Australia is urgently processing up to 300 protective visa applications for Afghan interpreters who are said to be on the Taliban’s attack list as allied troops withdraw from Afghanistan.
Prime Minister Scott Morrison said the federal government was aware of the situation and is currently handling paperwork.
“I’ve done this safely and I’ll be able to do it, but it’s very useless to elaborate on the issue,” Morrison told reporters in Sydney on Tuesday. Was.
“We are very aware of it and, as in the past, we are urgently and resolutely working to ensure that we do this in the right way.”
Former Admiral Chris Barrie said Australia has a significant duty to take care of an interpreter when withdrawing from the army later this year.
“It’s not conscientious to leave these people to the Taliban’s mercy,” Barry said. ABC Radio“We have to do something to help them.”
Documents obtained by the ABC show that the Taliban attempted to kill an Afghan interpreter who was accused of working for a “pagan enemy.”
“We are honest in words and will catch you day and night. You will be punished and we will reach our goals,” said an Afghan interpreter who worked with Australian Defense Force soldiers. It is written in the letter sent to.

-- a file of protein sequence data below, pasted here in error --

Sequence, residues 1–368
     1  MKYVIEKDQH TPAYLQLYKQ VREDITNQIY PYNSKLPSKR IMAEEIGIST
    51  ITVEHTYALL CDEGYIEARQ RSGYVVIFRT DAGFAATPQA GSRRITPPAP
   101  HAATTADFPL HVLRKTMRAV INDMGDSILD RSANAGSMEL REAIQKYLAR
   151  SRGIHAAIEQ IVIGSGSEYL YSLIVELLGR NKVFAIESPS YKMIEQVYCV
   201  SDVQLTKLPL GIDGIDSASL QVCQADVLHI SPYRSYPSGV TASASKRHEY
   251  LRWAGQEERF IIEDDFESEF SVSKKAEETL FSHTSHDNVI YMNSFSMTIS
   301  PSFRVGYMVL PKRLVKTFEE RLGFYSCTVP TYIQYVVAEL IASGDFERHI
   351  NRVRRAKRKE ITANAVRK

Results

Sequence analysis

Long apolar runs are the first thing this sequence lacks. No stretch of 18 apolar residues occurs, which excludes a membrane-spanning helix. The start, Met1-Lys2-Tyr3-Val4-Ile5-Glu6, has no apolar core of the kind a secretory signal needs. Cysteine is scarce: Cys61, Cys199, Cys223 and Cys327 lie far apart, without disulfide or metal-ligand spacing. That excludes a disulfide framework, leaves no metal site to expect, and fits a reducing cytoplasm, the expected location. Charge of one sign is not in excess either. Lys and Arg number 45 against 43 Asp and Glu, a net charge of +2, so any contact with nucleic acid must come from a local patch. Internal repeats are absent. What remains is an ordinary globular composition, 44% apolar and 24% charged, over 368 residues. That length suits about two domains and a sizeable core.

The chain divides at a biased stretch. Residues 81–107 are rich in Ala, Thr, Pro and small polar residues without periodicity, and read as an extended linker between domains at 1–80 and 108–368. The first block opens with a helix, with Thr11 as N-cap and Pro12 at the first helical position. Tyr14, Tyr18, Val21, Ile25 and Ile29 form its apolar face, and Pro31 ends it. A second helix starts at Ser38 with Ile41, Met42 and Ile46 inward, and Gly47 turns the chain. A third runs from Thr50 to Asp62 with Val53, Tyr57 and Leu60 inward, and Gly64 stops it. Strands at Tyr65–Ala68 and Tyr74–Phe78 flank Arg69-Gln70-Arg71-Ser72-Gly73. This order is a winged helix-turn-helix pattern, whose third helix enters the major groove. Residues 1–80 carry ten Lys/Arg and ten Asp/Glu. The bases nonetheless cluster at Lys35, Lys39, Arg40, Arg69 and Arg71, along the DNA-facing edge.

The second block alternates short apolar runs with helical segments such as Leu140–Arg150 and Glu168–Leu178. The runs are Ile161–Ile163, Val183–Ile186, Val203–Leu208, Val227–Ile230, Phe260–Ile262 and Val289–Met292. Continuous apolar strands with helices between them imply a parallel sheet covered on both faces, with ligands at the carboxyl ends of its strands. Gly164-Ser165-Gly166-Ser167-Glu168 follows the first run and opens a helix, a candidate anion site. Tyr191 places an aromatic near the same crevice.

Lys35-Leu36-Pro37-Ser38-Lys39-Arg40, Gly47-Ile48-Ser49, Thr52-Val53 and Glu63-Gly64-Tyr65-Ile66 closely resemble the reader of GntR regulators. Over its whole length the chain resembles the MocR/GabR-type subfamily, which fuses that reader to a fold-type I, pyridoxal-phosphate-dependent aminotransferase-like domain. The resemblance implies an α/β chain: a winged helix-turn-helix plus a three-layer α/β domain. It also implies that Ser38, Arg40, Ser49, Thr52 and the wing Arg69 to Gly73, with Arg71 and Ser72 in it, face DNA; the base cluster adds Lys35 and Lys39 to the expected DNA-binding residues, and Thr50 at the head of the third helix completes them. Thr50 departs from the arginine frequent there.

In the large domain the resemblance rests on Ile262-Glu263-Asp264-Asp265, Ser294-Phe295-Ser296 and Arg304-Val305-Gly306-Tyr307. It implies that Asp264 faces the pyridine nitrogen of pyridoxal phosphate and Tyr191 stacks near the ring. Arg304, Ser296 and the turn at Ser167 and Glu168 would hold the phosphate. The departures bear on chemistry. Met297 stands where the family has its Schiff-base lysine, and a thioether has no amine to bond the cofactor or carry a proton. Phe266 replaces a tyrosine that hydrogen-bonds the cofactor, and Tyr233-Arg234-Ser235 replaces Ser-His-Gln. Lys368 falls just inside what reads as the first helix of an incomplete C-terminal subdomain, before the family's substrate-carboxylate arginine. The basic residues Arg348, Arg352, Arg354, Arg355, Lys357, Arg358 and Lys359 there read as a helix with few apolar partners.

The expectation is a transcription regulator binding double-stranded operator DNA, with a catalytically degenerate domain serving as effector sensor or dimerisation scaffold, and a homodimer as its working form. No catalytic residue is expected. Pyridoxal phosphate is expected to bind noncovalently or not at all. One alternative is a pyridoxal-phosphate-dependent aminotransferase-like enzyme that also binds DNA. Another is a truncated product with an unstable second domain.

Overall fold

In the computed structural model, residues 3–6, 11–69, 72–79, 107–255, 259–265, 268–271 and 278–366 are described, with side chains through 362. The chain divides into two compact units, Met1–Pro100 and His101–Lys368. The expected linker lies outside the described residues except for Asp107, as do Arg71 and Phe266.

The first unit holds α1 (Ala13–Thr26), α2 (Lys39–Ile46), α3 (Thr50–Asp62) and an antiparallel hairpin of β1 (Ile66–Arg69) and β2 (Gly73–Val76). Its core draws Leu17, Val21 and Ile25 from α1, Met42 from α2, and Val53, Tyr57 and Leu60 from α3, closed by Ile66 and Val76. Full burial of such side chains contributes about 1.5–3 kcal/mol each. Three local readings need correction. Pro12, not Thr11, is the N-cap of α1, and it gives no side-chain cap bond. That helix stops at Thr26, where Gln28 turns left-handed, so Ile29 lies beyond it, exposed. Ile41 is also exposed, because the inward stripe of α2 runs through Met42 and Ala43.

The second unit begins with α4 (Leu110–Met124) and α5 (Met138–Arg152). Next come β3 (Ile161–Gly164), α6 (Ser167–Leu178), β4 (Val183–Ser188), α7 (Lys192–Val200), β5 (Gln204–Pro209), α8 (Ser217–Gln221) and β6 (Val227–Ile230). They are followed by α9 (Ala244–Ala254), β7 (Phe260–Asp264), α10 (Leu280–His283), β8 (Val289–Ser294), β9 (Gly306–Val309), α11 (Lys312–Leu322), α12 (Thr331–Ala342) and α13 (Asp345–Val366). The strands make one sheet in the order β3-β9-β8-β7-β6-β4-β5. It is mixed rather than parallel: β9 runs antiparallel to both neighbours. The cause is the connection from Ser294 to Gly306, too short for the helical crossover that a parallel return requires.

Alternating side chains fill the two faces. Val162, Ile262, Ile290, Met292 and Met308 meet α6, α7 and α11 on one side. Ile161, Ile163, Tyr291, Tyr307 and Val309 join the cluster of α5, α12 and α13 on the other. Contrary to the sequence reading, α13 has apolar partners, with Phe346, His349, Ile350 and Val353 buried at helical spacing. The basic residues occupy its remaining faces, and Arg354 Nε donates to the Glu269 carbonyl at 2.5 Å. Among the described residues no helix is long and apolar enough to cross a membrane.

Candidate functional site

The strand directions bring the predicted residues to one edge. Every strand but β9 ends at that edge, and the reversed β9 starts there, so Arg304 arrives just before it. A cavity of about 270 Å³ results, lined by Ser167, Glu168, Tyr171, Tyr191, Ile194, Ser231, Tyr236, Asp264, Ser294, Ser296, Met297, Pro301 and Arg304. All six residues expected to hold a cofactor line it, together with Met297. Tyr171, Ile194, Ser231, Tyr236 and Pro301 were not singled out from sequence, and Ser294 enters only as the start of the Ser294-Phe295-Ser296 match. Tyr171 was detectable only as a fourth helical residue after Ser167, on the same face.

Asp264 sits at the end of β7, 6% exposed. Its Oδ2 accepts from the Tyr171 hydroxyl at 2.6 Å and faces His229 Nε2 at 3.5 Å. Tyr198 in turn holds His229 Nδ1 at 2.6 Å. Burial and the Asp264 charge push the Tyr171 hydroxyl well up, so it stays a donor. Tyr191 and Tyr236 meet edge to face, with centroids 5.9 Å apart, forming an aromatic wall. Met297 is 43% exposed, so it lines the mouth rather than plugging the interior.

It tells the interpreter, “Wait for your death soon.”
The interpreter was targeted by Taliban rebels in November 2016 and broke three legs.
Approximately 60 percent of applications over the last eight years have been approved.Hugh Jeffrey, Department of Defense International Policy Division I told SBS. No figures are given after Australia announced the withdrawal of troops from Afghanistan.
“Since 2013, we have certified about 1,000 applications in total, of which about 600 have been certified,” Jeffrey said. “Approximately 1,200 Afghans, including applicants and their families, have resettled in Australia.”
The United States and the United Kingdom have agreed to urgently resettle thousands of Afghan interpreters and their families.
British Home Secretary Pretty Patel Said This is a “moral obligation” and the government “recognizes the risks it faces in the war on terrorism and rewards its efforts.”